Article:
# Stuck on a term in $Var[\hat{\beta_o}]$ Proof

So I was trying to prove that $$Var[\hat{\beta_o}]=\dfrac{\sigma^2n^{-1}\sum{(x_i)^2}}{\sum{(x_i-\bar{x}})^2}$$

And I got stuck with the part $$\dfrac{ -2\bar{x}}{\sum{(x_i-\bar{x})^2}}\sum[{(x_i - \bar{x})}E(u_i\bar{u})]$$

Now, I need to show that this whole expression equals 0 but I don't know how to go about it. I'm mainly confused as to how I should be treating the $$E(u_i\bar{u})$$ term. I have read that $$u_i$$ and $$u_j$$ are uncorrelated so $$E(u_iu_j)=0$$ so long as $$i \ne j$$. But I don't know how I can use that fact to reduce the $$E(u_i\bar{u})$$ part to something. The $$u_i$$ I'm assuming would go on forever i.e. $$i=1,2,3........$$ but the $$\bar{u}$$ would only have the values of $$u$$ that go from $$1$$ to $$n$$ like $$u_1+u_2+....+u_n$$, so how should I go about this?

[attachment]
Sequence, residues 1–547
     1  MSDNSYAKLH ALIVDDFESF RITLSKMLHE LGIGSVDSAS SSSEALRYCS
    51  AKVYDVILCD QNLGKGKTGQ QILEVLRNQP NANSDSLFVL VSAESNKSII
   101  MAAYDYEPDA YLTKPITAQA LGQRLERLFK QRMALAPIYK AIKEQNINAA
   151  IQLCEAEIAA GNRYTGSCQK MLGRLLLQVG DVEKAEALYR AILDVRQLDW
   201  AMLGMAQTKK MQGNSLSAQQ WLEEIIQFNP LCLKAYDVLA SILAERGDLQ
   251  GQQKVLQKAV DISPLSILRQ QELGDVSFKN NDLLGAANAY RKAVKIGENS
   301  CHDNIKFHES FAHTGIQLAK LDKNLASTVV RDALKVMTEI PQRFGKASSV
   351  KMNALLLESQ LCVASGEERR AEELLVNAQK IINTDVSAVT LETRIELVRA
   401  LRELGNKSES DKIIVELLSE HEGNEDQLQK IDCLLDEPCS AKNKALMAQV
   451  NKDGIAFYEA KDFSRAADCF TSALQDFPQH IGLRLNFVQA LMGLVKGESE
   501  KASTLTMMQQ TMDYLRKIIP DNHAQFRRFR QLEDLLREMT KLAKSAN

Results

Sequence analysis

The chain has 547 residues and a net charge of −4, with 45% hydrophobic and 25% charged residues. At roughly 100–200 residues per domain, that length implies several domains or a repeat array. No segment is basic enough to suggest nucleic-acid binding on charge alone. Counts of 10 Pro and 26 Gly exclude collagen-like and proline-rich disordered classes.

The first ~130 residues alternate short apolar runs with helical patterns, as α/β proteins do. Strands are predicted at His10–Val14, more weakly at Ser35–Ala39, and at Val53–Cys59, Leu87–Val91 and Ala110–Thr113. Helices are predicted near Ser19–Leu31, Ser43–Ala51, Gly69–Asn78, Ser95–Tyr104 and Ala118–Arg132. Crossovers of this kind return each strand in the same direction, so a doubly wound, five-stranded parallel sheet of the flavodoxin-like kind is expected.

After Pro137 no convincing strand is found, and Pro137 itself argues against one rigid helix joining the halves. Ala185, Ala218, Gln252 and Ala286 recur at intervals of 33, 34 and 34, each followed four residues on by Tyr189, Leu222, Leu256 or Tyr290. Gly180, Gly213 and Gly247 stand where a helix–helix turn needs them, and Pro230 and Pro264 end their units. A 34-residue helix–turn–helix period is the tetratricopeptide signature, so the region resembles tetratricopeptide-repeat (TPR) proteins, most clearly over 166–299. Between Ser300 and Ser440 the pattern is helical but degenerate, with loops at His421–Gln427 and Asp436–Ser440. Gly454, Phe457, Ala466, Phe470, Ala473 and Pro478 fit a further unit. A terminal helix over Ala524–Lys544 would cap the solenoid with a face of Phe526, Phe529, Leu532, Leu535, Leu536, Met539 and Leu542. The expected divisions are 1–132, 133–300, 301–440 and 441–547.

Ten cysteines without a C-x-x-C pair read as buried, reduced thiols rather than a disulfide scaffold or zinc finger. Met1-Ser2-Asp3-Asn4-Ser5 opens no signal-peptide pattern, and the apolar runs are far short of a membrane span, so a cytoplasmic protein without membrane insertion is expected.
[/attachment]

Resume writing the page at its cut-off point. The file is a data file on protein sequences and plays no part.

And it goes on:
Note: $$u_i's$$ are NOT the residual terms. These are the actual $$u's$$ from the line/function that models the relationship between $$y$$ and $$x$$ And $$\bar{u}$$ would be defined to be actual $$u's$$ from $$1$$ to $$n$$ whole divided by $$n$$

Can anyone help simplify this? Thank you.

So at some point, you should get something like $$V(\hat{\beta_0}) = V(\bar{Y}) + \bar(x)^2V(\hat{\beta}_1) - 2\bar{x}\text{Cov}(\bar{Y}, \beta_1)$$.
I'm assuming that you are asking about the last term, but what you should get is $$\frac{\sigma^2}{n} \sum(\frac{x_i - \bar{x}}{S_{xx}})$$, which is slightly different than what you have, and it is the $$\sum({x_i - \bar{x}}) = 0$$ that causes the whole term to go to 0.